April 13, 2013
By Thomas B Haines
Reporting on a recent meeting with FAA Administration Michael Huerta, AOPA President Craig Fuller said support in the agency for the third-class medical certificate exemption seemed to be waning. “High-level FAA staffers told us the exemption was not a priority for the agency,” Fuller said, referring to a meeting earlier between FAA executives and leadership teams from AOPA and EAA. The two associations jointly petitioned the FAA last year to allow pilots of four-place, 180-horsepower fixed-gear aircraft and smaller to fly in day VFR conditions using only a driver’s license as a medical certificate. The proposal included a requirement that pilots regularly complete online training courses that educate them on their health and how it relates to flying safely.
After the staff-level meeting, Fuller and EAA Acting President and CEO Jack Pelton met with Huerta on April 8. Speaking to attendees at a town hall meeting hosted by Rep. Sam Graves (R-Mo.) at Sun ’n Fun International Fly-In & Expo, Fuller said Huerta seemed interested in the subject and asked good questions, clearly wanting to understand the issue more fully. Noting some eight years of data from sport pilots flying light sport aircraft using only driver’s licenses in place of a medical certificate and no resulting decrease in safety, Fuller wondered aloud whether the agency would ever approve such an exemption if not now. “How much more compelling can the data be?” he asked. While the agency may not see it as a priority, Fuller noted that the issue is clearly a priority for his membership and those of EAA. “Do they really think we would be in favor of an initiative that would harm our members?” he asked the Sun ’n Fun crowd.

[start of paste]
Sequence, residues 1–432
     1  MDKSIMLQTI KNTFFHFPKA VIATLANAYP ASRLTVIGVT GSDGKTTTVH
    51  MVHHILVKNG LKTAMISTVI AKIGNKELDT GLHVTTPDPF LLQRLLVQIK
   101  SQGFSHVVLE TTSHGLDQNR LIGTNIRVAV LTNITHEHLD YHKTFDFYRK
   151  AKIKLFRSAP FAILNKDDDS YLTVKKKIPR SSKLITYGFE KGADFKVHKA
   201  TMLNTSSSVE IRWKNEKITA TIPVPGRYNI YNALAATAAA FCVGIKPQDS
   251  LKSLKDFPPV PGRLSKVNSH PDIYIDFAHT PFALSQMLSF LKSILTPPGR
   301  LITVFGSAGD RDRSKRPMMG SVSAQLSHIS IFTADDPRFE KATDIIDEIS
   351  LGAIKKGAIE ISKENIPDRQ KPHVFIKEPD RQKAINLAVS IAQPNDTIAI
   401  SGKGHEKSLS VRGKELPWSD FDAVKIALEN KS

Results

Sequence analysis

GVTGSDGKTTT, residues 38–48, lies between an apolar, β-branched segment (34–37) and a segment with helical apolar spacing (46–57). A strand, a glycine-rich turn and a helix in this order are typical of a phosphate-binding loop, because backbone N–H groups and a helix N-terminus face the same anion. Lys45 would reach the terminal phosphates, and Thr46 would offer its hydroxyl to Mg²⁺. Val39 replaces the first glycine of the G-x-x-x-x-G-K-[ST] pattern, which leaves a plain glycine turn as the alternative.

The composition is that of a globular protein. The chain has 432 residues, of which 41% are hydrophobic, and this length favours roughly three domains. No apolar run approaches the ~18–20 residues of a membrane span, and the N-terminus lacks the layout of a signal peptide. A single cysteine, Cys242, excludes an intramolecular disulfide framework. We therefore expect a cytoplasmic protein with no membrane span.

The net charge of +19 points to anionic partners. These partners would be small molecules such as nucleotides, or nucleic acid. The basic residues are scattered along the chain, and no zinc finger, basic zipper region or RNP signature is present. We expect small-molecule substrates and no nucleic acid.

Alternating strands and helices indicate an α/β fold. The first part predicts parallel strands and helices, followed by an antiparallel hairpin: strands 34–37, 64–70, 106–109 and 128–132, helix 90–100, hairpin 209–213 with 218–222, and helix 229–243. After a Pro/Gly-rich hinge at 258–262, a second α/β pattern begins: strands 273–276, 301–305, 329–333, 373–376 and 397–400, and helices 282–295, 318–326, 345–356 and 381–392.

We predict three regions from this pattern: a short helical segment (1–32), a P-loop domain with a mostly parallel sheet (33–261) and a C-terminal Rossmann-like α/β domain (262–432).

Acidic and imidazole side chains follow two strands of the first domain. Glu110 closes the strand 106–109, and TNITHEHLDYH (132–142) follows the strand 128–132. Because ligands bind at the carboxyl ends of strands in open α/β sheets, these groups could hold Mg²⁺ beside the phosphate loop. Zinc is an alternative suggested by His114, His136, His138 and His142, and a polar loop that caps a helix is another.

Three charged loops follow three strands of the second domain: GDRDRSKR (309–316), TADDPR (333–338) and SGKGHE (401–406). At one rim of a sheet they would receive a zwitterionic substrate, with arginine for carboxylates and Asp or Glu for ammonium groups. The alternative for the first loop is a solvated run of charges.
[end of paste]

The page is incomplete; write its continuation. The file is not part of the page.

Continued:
If the agency can’t say yes to the exemption, Fuller encouraged at least a small scale study of just a few pilots for one to two years. If successful, it can then be expanded to more pilots.
The FAA has not said when it will respond to the petition, which garnered more than 16,000 responses from pilots and organizations such as AOPA and EAA.
Pilot Health and Medical,
AOPA and the Massachusetts Airport Management Association defeat an effort to cut $34 million from the Massachusetts transportation bond bill.
The NTSB has organized a safety seminar May 10 to focus on aerodynamic stalls and loss of control, a leading cause of general aviation fatalities.
A Pennsylvania airpark with an uncertain future will have six more months for its supporters to sell officials on a plan for its continued operation.
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